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Snakeskin Road
James Braziel
Bantam Books, 336 pages

Snakeskin Road
James Braziel
James Braziel's short fiction has appeared in over a dozen literary journals, including the Berkeley Fiction Review and the Chattahoochie Review. His poetry has twice been nominated for the Pushcart Prize, and he was the recipient of the Individual Artist Grant from the Georgia Council for the Arts. He currently teaches creative writing at the University of Cincinnati.

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A review by Greg L. Johnson

The future's not pretty. That's the inescapable lesson to be found in Snakeskin Road by James Braziel, a gritty, bleak look at a near-future United States torn apart by a collapsing ecology. That collapse is most notably seen in the desert that has made the Southwest uninhabitable and is spreading east across the southern U.S., or what's left of it.

We are introduced to this world through the eyes of Jennifer Harrison, a young woman who has decided it's time to get out of the desert, but it's too late. The system has broken down, and Jennifer finds herself stranded without her husband, a refugee with no way out. She also finds herself entrusted with the care of a teen-age girl. Jennifer's struggle to get herself and her charge to the safety of her mother's home in Chicago is the heart of the story in Snakeskin Road.

Aside from its near-future setting and a few references to implanted cell phones, there is not much about Snakeskin Road that marks it as a speculative novel. What's compelling is the depiction of characters pushed to their limit, still finding a way to survive, and grabbing on to whatever hope they can find. That sentiment shines most brightly in Jennifer's letters home, and in her refusal to let her mother see just how desperate her situation is. That's a kind of courage, and it's Jennifer's courage that give Snakeskin Road its few bright spots.

While the novel's relentlessly pessimistic story can a bit wearying at times, the main fault with Snakeskin Road is a character introduced near the end who functions as a kind of reverse deus ex machina, nothing good can come of his presence. it's not so much that the ending should be different, it's certainly true to the novel's overall vision, but the introduction of a new character is a contrivance that wasn't necessary, there was already plenty there to establish how Jennifer's story had to end.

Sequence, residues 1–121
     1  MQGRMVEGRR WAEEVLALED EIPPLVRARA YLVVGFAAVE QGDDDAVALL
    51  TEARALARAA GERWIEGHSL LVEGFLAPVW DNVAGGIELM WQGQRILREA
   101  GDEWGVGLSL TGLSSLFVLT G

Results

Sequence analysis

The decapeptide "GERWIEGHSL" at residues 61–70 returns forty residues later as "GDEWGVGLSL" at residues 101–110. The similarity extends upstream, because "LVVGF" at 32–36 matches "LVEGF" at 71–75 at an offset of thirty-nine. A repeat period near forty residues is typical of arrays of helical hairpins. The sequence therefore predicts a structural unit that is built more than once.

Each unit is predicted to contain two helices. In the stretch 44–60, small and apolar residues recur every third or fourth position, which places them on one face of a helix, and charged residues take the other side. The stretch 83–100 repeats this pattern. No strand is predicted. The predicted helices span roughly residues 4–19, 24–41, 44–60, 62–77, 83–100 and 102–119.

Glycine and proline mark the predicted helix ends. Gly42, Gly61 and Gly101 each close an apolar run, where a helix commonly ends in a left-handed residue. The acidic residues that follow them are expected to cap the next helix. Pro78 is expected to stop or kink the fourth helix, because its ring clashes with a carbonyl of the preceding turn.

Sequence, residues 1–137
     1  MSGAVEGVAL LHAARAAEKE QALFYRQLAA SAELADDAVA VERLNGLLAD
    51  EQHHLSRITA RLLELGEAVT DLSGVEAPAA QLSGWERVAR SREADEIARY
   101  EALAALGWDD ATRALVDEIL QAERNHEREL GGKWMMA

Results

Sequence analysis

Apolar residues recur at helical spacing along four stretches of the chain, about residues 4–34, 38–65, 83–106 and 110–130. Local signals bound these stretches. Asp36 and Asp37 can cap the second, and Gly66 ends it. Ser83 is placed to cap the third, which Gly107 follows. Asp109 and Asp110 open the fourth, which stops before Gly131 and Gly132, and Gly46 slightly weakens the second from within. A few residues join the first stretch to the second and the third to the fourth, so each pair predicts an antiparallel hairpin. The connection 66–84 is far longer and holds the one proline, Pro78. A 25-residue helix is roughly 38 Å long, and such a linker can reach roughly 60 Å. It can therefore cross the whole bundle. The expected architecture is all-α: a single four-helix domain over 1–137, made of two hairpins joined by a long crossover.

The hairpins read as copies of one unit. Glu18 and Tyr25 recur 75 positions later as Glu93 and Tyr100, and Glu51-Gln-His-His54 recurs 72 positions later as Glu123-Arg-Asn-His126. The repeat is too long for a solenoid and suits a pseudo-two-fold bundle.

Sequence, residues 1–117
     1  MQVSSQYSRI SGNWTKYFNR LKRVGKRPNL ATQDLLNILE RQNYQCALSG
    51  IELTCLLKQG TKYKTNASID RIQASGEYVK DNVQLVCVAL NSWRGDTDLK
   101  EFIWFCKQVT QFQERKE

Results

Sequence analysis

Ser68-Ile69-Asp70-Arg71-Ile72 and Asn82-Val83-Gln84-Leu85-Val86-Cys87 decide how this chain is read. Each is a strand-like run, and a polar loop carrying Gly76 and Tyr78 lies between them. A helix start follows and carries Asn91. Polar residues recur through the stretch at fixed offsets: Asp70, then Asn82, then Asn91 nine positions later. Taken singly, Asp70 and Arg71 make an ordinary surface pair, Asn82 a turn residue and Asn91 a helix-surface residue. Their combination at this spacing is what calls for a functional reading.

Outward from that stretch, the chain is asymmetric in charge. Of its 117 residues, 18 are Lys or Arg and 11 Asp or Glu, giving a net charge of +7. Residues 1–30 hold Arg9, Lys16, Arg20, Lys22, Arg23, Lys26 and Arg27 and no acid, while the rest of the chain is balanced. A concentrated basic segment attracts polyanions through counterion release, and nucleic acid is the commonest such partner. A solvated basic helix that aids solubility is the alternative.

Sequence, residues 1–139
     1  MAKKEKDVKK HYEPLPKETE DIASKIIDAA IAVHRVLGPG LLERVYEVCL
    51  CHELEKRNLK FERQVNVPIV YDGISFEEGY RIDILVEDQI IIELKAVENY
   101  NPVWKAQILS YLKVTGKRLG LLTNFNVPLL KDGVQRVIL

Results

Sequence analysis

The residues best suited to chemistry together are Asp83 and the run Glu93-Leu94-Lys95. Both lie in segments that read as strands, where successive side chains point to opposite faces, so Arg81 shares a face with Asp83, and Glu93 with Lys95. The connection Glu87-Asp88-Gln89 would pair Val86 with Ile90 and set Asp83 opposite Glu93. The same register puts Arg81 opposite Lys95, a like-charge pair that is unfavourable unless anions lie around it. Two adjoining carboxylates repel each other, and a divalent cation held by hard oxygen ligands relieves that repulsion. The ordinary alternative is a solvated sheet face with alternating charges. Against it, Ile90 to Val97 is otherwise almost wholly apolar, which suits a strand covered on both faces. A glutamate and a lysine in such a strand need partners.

There's been a recent surge in post-apocalyptic novels, and Snakeskin Road fits right in. The doomsday scenarios envisioned this time around generally have more to do with climate change and environmental collapse than nuclear annihilation, but they often feature the same scenarios of life for the surviving few amidst the devastation of the past. The approach can range from the seriousness of Cormac McCarthy's The Road to more comic novels like Nick Harkaway's The Gone-Away World. Snakeskin Road more resembles the former in its depiction of society after a collapsed civilization, but Braziel brings his characters to life enough for his vision of a dying landscape peopled with desperate survivors searching for a way home to succeed on its own terms.

Copyright © 2010 by Greg L. Johnson

Reviewer Greg L Johnson recently finds himself pondering the various incarnations of road stories, from yellow brick to roads to the stars in fantasy and science fiction. His reviews also appear in the The New York Review of Science Fiction. And, for something different, Greg blogs about news and politics relating to outdoors issues and the environment at Thinking Outside.

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